Is It Too Soon To Look At 2011?

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Even though the ball in Times Square dropped the other night to signal the beginning of 2010, it’s not too early for the Izod IndyCar Series to be focusing their attention on 2011. Aside from the obvious hoopla that will be surrounding the 95th running of the Indianapolis 500, which will be celebrating its one hundredth anniversary – some attention needs to be directed toward developing a better schedule for 2011.

When it was announced that the Milwaukee Mile would not be in operation for 2010, the IICS opted to do nothing other than hold an empty spot in the calendar in case the financial situation at the track improved. NASCAR was more proactive. They moved the Nationwide race that had been scheduled for the Milwaukee Mile to one of the hallowed grounds for American open-wheel racing – Road America at Elkhart Lake, Wisconsin.

This will be painful to watch for ANY fan of open-wheel racing, no matter which side of “the split” your allegiance fell into. While I am hopeful that things can somehow be worked out for the Izod IndyCar Series to race again at the Milwaukee Mile in 2011, this series needs to be at Road America – no matter how close in proximity it is to Milwaukee. They may attract the some of the same fans to both venues, but the two tracks are more likely to pull an entirely different demographic to their respective tracks.

Another venue that should be targeted for 2011 is New Hampshire Motor Speedway. Curt Cavin is fond of saying that in order for the IICS to race at a specific venue, they need to be invited. The IICS can’t just show up and decide to race there. Well, in this case the Izod IndyCar Series HAS been invited. Track Executive Vice-President and general Manager, Jerry Gappens made it quite clear that he wanted to run an IRL race there for 2010.

Gappens was with track owner Bruton Smith in Charlotte when the IRL ran there in the late nineties. He knows the New Hampshire market and is quite familiar with open-wheel racing and is quite certain that he could make it work at his 1.058-mile oval track tucked away in Loudon, NH. Oddly enough, as other ovals have dropped off of the IndyCar schedule – the brain trusts at 16th & Georgetown chose not to visit New Hampshire in 2010.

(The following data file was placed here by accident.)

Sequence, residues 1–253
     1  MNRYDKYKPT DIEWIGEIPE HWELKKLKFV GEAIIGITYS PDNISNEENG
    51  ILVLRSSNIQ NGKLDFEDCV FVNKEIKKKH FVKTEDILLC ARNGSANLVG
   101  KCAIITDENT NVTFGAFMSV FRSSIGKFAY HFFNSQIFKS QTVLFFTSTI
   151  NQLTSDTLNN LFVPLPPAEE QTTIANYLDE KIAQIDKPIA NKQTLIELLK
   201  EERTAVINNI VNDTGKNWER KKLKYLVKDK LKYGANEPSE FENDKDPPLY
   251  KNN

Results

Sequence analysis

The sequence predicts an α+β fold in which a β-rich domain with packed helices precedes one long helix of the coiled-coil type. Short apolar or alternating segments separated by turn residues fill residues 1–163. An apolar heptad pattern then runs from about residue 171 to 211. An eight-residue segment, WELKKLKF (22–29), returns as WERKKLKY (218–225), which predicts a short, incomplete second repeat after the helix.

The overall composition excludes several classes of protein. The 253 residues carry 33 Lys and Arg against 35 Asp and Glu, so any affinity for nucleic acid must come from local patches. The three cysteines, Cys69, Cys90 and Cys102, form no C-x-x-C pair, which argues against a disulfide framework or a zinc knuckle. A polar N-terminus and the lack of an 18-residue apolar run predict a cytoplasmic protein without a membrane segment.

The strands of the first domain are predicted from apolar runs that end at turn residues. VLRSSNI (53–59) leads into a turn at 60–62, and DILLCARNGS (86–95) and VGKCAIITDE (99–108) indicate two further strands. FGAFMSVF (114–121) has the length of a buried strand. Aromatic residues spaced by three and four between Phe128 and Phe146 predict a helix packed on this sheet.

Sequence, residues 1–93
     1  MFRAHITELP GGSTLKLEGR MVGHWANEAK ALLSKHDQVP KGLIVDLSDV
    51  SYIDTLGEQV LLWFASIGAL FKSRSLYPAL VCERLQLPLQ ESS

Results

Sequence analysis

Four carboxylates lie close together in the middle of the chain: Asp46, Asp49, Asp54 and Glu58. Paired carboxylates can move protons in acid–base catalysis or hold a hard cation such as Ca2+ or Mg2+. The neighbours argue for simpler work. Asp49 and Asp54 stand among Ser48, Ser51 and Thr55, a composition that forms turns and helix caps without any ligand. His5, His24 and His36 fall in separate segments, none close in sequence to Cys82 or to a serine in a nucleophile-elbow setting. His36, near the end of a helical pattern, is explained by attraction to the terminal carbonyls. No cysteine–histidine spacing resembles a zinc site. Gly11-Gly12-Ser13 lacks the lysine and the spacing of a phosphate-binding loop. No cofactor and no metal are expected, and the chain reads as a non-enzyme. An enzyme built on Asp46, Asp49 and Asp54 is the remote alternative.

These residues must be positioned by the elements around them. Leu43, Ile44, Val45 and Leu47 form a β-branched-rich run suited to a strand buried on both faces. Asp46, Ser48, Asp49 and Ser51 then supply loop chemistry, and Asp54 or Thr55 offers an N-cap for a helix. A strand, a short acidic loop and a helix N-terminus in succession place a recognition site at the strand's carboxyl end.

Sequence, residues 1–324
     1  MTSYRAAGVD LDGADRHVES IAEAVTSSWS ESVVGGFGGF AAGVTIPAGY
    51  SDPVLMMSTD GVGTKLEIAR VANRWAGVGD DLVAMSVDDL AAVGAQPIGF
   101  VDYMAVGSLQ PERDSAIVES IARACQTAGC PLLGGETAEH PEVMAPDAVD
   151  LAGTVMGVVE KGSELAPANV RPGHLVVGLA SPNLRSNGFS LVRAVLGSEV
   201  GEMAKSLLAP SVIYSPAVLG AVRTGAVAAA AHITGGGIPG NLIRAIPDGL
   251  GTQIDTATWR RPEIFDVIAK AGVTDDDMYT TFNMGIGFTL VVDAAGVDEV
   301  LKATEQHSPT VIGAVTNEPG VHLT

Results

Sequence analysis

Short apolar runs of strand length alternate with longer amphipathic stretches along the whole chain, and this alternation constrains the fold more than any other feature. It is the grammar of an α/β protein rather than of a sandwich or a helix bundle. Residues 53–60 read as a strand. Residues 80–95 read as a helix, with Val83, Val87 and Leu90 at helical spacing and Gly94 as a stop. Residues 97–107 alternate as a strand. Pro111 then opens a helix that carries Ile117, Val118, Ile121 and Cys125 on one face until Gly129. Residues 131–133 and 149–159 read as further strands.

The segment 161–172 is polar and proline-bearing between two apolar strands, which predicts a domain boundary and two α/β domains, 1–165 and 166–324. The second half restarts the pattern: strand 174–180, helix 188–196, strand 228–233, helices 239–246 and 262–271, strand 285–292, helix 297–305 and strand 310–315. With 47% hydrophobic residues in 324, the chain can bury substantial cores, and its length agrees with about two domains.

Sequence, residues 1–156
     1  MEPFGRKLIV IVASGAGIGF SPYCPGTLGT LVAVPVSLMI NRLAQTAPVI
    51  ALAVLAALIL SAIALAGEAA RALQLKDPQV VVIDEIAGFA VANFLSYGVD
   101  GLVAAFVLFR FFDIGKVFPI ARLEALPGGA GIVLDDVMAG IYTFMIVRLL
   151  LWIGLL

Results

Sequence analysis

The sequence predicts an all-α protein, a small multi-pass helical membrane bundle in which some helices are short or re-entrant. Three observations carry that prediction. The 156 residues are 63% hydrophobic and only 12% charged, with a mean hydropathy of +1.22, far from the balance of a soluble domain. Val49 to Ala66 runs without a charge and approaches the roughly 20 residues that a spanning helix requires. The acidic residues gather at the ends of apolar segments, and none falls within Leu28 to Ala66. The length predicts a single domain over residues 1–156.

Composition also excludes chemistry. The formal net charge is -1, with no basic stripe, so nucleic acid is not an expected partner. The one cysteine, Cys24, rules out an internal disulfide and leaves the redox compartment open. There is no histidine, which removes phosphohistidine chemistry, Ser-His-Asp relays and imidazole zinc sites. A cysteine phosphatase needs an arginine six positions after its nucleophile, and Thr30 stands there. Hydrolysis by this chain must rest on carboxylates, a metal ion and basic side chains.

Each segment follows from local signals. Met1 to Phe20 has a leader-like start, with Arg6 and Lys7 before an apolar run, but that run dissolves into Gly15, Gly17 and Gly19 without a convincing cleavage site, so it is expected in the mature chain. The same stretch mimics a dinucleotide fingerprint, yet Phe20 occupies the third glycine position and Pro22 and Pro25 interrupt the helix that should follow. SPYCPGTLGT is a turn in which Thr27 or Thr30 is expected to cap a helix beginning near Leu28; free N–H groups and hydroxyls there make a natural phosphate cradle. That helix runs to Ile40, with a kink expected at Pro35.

CART began racing at what was then known as New Hampshire International Speedway in 1992. Great champions such as Bobby Rahal, Al Unser, Jr. and Nigel Mansell won CART races in front of large crowds at New Hampshire in the nineties. When the IRL began racing in 1996, New Hampshire International Speedway cast its lot with the fledgling league. Attendance plummeted each year and the IRL ran its last race at New Hampshire in 1998 with Tony Stewart taking the checkered flag. Bruton Smith took complete control of the track prior to the 2008 season and changed the name to New Hampshire Motor Speedway to align it with the other SMI tracks in his portfolio.

The Indy Racing League seems to have a better working relationship with SMI-owned tracks, than it does with the NASCAR affiliated ISC-owned venues. Texas, Sonoma and Kentucky are other SMI owned tracks where the Izod IndyCar Series runs. Charlotte and Las Vegas are other SMI properties that I think should also be on the IICS schedule down the road.

It is perplexing, to say the least, why the IICS chose to pass on New Hampshire. The Northeast region of the country seems to fall in line with the demographics that the IICS covets. With the dearth of oval races on the 2010 schedule and the close proximity to the Boston market, it begs the question – why NOT New Hampshire? I’ve yet to hear or read any explanation whatsoever.

But getting back to the state of Wisconsin…for years, CART ran races at both Milwaukee and Road America and had large crowds at both. I don’t think things have changed dramatically in the upper-Midwest since then. That is a region that is extremely knowledgeable and passionate about open-wheel racing. This is the area where America open-wheel racing has its roots.